Lessons

- CFA L2: Quantitative Methods - Introduction
- Quants: Correlation Analysis
- Quants: Single Variable Linear Regression Analysis
- Standard Error of the Estimate or SEE
- Confidence Intervals (CI) for Dependent Variable Prediction
- Coefficient of Determination (R-Squared)
- Analysis of Variance or ANOVA
- Multiple Regression Analysis
- Multiple Regression and Coefficient of Determination (R-Squared)
- Fcalc – the Global Test for Regression Significance
- Regression Analysis and Assumption Violations
- Qualitative and Dummy Variables in Regression Modeling
- Time Series Analysis: Simple and Log-linear Trend Models
- Auto-Regressive (AR) Time Series Models
- Auto-Regressive Models - Random Walks and Unit Roots
- ARMA Models and ARCH Testing
- How to Select the Most Appropriate Time Series Model?

# Qualitative and Dummy Variables in Regression Modeling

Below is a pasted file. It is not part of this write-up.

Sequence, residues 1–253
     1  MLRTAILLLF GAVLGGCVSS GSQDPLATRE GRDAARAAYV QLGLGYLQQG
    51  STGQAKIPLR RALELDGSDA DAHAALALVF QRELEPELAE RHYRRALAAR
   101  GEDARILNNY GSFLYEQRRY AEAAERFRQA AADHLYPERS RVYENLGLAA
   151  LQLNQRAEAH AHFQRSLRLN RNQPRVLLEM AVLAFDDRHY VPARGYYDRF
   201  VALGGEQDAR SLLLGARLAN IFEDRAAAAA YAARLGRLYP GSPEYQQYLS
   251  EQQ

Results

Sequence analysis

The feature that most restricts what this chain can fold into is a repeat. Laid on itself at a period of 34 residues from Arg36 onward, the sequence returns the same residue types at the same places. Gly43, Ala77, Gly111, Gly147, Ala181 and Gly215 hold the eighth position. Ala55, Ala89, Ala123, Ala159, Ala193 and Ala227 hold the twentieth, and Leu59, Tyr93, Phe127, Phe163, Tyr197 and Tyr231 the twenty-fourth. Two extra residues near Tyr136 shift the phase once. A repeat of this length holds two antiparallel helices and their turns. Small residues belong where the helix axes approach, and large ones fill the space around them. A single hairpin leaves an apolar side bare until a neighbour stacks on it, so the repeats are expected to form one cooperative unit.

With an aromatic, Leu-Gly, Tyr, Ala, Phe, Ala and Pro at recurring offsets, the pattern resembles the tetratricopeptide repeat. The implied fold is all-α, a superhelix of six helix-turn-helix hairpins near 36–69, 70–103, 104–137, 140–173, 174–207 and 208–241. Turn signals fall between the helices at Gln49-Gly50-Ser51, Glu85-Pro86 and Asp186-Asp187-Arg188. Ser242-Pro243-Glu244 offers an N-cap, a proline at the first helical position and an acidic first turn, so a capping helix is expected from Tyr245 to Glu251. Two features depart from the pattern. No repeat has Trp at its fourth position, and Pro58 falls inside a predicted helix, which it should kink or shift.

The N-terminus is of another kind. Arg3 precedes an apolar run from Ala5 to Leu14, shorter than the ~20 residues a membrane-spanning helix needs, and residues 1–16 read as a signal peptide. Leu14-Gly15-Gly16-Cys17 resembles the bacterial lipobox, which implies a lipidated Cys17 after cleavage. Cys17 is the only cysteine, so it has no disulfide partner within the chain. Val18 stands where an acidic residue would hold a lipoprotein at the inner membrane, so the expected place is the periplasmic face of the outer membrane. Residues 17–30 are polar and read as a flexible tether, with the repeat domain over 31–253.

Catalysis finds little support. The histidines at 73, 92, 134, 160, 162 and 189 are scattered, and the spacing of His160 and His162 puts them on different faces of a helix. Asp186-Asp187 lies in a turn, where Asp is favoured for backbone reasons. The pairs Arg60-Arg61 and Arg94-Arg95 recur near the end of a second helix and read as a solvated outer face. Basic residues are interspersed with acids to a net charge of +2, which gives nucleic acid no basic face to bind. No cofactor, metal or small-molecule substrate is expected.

- Handle qualitative independent variables with a quantitative proxy or use a dummy variable.
- When using a dummy independent variables (such as assigning a number to the degree of consumer confidence), define a collectively exhaustive set of “j” categories, then j-1 (“j minus one”) will give you the number of dummy variables for inclusion in your model.
- Models with dummy independents can easily be misspecified.

**Model types with qualitative dependent variables**

**Probit models**– based on a normal distribution and attempt to estimate the probability that the dependent variable will equal 1.**Logit models**– based on the logistic distribution and like Probit models, they attempt to estimate the probability that the dependent variable will equal 1.**Discriminant Analysis**– creates a score and if the score crosses a threshold then the dependent variable is assigned a 1.

Looking at the big picture, you want your multiple regression model to:

- Have a good theoretical basis and;
- Pass the most stringent statistical tests (refer back to the sub-section “Assumption Violations”).

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